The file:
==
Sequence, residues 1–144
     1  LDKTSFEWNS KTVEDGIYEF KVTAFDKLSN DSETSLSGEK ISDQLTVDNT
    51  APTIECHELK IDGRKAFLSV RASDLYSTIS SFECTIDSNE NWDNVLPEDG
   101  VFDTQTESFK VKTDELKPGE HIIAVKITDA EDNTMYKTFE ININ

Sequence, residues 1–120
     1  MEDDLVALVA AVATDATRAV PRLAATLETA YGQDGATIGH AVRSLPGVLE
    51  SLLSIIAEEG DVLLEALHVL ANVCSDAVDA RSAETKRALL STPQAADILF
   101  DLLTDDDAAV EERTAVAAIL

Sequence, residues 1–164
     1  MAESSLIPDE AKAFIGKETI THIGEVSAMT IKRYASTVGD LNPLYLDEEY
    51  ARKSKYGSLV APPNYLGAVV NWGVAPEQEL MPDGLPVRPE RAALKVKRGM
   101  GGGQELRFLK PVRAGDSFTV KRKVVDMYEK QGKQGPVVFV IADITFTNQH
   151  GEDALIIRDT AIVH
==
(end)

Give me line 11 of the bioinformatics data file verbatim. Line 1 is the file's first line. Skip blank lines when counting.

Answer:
    51  ARKSKYGSLV APPNYLGAVV NWGVAPEQEL MPDGLPVRPE RAALKVKRGM